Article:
• When I normalize the curves to range between zero and one, set the time origin to onset of cooling and look only at the first 80 seconds of cooling, I get nice straight lines in a log plot. Time constant in a cool-running device is 36s with standard deviation <5% over a dozen runs. Time constant in a device where the heat sink has been deliberately impaired to run a few degrees hot was 39s with similar standard deviation.

enter image description here

Now the question if I get a hot-running device and I measure time constant that is the same as a cool-running device, can I rule-out the heat sink and its application as a problem?

I should clarify that this is in a manufacturing context, not design (DVT). The focus is to be able to determine the cause of failures.

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    \$\begingroup\$ Unless you are driving substantial electrical power through off-chip I/O or EM fields, your FPGA should be nearly 100% efficient as a heater, so one that is actually generating more heat will draw more supply power. If you are seeing higher supply current at the same die temperature before it heats up then I'd think you have a chip that produces fewer computes-per-watt. \$\endgroup\$ – Chris Stratton Aug 4 '14 at 18:20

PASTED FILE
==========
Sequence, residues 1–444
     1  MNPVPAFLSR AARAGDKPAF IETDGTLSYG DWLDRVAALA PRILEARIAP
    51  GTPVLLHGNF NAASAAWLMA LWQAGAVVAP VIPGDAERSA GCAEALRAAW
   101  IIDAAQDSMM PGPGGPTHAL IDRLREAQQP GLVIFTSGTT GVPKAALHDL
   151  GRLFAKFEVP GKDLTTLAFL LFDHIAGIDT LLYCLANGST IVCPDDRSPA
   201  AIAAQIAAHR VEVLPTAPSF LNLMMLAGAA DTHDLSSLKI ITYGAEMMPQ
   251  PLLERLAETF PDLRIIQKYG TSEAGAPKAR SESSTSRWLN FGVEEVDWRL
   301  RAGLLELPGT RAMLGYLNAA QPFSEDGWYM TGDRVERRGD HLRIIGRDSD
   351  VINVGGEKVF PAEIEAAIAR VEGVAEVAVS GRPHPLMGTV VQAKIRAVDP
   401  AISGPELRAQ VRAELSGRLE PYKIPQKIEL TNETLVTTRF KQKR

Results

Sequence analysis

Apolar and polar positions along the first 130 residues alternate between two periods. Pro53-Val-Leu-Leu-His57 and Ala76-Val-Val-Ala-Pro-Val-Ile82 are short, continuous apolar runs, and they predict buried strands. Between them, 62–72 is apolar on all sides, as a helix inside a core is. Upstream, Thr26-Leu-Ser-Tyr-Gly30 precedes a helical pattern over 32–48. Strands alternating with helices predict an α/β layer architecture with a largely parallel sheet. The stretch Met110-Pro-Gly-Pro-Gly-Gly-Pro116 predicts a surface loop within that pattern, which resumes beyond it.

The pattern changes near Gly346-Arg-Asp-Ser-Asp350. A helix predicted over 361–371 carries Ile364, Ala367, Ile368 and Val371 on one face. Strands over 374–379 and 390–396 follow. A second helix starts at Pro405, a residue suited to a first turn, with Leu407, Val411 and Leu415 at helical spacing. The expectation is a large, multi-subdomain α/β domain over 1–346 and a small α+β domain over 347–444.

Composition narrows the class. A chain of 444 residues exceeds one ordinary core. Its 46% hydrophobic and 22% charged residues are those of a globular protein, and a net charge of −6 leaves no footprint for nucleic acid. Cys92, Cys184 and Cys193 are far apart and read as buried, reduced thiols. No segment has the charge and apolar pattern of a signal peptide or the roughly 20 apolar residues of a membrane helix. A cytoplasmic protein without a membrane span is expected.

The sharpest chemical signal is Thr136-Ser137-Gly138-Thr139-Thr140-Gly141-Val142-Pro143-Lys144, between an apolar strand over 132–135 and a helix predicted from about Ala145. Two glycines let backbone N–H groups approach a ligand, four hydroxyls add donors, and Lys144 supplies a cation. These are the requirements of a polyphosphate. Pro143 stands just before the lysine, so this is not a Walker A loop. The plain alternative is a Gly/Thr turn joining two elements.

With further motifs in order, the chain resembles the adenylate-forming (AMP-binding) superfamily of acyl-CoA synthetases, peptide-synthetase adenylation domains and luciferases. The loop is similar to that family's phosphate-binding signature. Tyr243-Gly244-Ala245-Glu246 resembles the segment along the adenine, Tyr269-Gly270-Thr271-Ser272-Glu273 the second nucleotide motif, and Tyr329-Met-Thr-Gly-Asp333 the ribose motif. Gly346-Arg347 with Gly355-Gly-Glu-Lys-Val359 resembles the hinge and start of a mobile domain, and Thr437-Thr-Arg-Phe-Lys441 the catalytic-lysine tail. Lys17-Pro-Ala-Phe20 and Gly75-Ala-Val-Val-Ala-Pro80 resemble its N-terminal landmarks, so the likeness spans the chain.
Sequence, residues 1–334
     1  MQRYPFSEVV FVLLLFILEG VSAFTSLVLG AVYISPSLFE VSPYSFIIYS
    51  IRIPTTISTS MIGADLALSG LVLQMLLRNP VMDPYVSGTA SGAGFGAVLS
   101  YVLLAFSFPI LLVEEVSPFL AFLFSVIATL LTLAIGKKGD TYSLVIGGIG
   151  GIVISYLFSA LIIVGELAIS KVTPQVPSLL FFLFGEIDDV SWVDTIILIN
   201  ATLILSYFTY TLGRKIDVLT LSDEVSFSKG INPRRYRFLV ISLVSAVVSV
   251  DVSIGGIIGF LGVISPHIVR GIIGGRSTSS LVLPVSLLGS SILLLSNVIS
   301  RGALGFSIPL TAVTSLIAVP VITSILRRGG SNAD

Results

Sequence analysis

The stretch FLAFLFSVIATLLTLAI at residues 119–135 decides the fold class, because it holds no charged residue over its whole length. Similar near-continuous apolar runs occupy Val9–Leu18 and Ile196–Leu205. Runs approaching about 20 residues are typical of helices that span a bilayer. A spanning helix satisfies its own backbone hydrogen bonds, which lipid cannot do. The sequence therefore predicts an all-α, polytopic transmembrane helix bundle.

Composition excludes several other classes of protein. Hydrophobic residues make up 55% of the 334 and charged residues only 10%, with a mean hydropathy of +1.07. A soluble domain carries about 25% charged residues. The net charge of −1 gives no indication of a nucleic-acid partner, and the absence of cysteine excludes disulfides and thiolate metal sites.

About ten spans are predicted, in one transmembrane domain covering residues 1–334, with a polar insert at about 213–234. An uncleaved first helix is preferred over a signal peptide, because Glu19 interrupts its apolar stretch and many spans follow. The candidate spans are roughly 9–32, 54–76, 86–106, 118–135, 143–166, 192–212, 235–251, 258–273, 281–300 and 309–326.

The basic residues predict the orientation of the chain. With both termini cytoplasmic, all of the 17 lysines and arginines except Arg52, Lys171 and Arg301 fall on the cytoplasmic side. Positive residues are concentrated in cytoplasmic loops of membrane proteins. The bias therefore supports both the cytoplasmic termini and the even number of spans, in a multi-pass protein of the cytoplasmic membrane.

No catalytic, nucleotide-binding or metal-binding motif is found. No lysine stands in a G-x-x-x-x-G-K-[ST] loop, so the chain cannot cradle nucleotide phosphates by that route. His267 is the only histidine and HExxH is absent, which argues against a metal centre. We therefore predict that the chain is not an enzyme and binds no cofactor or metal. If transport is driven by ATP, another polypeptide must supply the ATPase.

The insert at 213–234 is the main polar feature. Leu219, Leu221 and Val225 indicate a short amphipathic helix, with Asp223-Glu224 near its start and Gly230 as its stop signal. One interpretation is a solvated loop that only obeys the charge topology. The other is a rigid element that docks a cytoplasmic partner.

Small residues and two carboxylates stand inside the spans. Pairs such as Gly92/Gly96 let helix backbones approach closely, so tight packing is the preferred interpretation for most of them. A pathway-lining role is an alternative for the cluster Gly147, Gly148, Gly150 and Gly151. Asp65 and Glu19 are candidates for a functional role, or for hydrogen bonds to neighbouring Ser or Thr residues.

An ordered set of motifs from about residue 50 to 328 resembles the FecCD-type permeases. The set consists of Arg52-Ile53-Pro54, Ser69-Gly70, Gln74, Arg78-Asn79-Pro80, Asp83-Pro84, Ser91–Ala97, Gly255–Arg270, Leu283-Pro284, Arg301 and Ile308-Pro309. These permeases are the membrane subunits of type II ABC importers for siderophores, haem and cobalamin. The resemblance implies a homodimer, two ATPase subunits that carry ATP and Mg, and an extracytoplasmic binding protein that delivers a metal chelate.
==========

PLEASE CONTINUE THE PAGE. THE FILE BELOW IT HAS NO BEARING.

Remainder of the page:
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    \$\begingroup\$ Has the manufacturer provided you a transient thermal model of the die/package? \$\endgroup\$ – Spehro Pefhany Aug 4 '14 at 18:33
  • \$\begingroup\$ @ChrisStratton, thanks, I think it is possible that we're getting fewer computes per watt on some devices. Although this is not an fpga, I guess I can still assume that any compute/switch device is effectively 100% efficient as a heater? I do know for a fact that hotter devices draw more current, but haven't tried to see if the onset of high current occurs before die temp increase (that would be difficult to measure). \$\endgroup\$ – Angelo Aug 4 '14 at 18:40
  • \$\begingroup\$ @SpehroPefhany, thanks, if I had that model, what could I do with that? I guess I would then need to determine a model for the heatsink we apply, and then put them together to get an idea of what to expect from the performance of the system? \$\endgroup\$ – Angelo Aug 4 '14 at 18:44
  • \$\begingroup\$ It might help rule out any dynamic effects from the chip being different amounts hotter than the package (two or more time constants). Of course you're measuring the die temperature. Since it's a heat pipe HS there might not be that much thermal mass in the HS itself. If you have a thermocouple on the heat sink there should be a consistent relationship between die temperature and heat sink temperature if the HS and attach are consistent (ah @EEDeveloper has suggested this)- it's a more direct measurement. For failure analysis you probably want to rule out heat pipe leakage. \$\endgroup\$ – Spehro Pefhany Aug 4 '14 at 19:19